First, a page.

Gore then pivoted a bit: “Our democracy has been hacked.” He made no mention of the history of the Supreme Court decision in 2000 that made George W. Bush president, but focused on “big money” in politics. The crowd was quite passionate in their appreciation of this part of his talk, but I thought it was one of the weakest sections, relying heavily on boiler-plate political rhetoric.
“We’ve got good people up there that are now trapped in a bad system,” Gore said. He talked about reversing Citizens United and focused heavily on the role of TV advertising and the anonymity afforded massive political advertising campaigns.
But the 2012 election cycle showed that while organizations can spend endless amounts on TV ads, voters aren’t so easily swayed. Gore’s emphasis on TV largely ignored his earlier points about interconnectedness; it all felt, well, so 20th century.
At the end of this section, Gore did note the power of individual bloggers and other promising developments for democracy, but he did not give these adequate weight.
Driver #4: Outgrowth
The world is adding about a billion new people every 13 to 14 years. This has created increasing strain on natural resources. This was a strong and provocative part of the talk.
“Growth has become the holy grail,” Gore said as he launched into an interesting discussion of what we mean by “growth”. He noted the failings of many measures of growth. GDP, for example, leaves out a number of crucial “externalities” — including negative ones like the costs of pollution and of income disparity, as well as positive ones like the long-term economic impacts of investments in education, medicine, and the arts.
He noted that the six heirs of the Walton family have a combined net worth greater than the combined wealth of the poorest 100 million Americans.
Driver #5: The Reinvention of Life and Death
Here Gore is talking about the “revolution” in biology, genetics, and various forms of molecular manipulation. He specifically mentioned 3-D printing.
“We’re now in charge of evolution,” he said. He noted that new technologies would bring “blessings” but said that we had not yet acquired the necessary wisdom to handle all of this new knowledge.
Driver #6: The Edge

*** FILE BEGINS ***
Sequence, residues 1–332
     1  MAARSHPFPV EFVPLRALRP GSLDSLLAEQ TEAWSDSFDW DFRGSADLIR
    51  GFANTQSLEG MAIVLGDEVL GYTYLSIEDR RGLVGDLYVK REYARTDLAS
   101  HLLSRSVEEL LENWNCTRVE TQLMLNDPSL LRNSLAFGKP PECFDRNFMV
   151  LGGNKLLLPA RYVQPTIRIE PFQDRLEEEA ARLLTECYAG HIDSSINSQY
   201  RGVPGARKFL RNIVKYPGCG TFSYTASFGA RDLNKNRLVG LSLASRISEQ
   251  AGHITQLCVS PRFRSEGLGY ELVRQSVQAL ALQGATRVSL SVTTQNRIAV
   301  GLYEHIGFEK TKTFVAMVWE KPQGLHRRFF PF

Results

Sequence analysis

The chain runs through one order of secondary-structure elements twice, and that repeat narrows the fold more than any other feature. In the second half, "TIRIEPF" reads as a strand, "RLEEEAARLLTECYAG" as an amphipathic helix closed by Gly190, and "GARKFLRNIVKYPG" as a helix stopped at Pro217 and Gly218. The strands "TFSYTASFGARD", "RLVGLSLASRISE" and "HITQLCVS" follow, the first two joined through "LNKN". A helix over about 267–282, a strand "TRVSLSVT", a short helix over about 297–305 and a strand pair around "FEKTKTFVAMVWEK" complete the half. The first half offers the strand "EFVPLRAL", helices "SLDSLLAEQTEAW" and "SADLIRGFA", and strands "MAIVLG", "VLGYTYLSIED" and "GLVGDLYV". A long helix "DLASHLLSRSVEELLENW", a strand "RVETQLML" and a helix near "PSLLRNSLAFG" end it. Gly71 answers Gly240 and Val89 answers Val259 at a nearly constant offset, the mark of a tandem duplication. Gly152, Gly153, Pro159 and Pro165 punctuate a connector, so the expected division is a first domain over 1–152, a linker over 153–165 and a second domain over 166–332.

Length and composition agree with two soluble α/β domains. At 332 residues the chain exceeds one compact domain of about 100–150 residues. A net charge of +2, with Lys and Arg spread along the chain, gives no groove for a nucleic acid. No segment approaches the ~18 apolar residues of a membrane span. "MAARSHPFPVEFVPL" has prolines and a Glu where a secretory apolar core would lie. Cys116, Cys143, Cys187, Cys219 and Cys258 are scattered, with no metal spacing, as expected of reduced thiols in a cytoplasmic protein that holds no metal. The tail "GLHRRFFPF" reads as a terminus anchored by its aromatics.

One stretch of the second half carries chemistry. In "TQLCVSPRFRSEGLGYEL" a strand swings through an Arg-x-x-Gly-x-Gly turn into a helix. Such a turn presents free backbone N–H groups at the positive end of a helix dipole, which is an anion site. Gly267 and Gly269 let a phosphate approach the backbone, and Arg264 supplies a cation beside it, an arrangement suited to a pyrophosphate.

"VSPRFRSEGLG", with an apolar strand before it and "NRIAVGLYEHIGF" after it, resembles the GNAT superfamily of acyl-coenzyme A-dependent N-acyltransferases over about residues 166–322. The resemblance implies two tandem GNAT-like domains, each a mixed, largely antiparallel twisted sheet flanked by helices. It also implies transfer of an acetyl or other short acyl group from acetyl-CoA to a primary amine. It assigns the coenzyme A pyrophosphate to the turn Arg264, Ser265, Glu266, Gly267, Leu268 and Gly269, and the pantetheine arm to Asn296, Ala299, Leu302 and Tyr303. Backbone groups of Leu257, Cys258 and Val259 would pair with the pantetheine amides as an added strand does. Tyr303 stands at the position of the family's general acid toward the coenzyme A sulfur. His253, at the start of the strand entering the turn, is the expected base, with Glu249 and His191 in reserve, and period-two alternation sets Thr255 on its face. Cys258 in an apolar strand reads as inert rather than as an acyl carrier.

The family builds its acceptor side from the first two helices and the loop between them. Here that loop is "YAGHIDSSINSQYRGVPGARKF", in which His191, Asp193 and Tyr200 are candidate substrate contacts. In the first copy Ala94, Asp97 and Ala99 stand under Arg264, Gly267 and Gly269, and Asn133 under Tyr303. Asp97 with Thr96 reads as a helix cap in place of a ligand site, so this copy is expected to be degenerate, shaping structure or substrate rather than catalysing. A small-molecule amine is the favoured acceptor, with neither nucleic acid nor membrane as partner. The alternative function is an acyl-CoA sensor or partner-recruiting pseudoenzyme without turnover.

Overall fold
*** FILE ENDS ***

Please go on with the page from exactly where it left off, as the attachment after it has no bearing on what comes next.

Gore finished by focusing on the “climate crisis”. Many of Gore’s detractors simply refuse to accept that the climate is changing and that human activity plays a role. There are legitimate scientists with a wide range of views on this subject, but the consensus has been growing. I don’t know how so many online commentators turned themselves into climate experts, but in a matter of years or a few decades we’ll likely be at a point when climate change cannot be denied.
Gore said that we treat our atmosphere like “an open sewer” and pointed to media failings: we can read ample coverage of a stranded cruise ship and plenty of details about Dorner’s rampage, but we don’t get enough news about the issues that matter the most. Gore noted that no questions at any of the presidential debates were asked about climate change.
As Gore built to his powerful conclusion, he talked about “the world we are handing off to our children and grandchildren,” he invoked Aristotle’s belief that the end of a thing defines its nature, and he passionately said that “we as human beings have the capacity to rise to great challenges.”
I especially appreciated Gore’s invocation of this passage from Lincoln’s December 1862 message to Congress: “The occasion is piled high with difficulty, and we must rise — with the occasion. As our case is new, so we must think anew, and act anew. We must disenthrall ourselves, and then we shall save our country.”
And here’s a collection of photos of the many moods of Al Gore, public speaker (click for even larger versions):